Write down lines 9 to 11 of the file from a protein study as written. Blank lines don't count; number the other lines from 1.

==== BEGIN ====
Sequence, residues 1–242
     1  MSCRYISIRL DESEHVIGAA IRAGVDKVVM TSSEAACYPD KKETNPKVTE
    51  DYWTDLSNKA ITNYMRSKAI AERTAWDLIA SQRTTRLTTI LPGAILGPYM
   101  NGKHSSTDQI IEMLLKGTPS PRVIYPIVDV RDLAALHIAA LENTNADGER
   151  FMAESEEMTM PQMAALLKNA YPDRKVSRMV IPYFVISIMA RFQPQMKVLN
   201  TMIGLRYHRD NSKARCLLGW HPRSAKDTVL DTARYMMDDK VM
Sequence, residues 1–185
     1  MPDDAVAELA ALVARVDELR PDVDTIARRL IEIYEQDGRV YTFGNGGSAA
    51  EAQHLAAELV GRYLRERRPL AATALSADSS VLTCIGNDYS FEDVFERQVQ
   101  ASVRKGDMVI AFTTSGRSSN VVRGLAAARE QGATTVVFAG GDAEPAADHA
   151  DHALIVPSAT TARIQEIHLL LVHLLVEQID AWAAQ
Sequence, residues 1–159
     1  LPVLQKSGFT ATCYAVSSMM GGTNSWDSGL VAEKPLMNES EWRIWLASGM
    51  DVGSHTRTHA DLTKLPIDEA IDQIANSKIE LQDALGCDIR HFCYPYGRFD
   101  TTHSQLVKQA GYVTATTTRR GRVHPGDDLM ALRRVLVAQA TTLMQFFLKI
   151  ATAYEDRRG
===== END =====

    51  EAQHLAAELV GRYLRERRPL AATALSADSS VLTCIGNDYS FEDVFERQVQ
   101  ASVRKGDMVI AFTTSGRSSN VVRGLAAARE QGATTVVFAG GDAEPAADHA
   151  DHALIVPSAT TARIQEIHLL LVHLLVEQID AWAAQ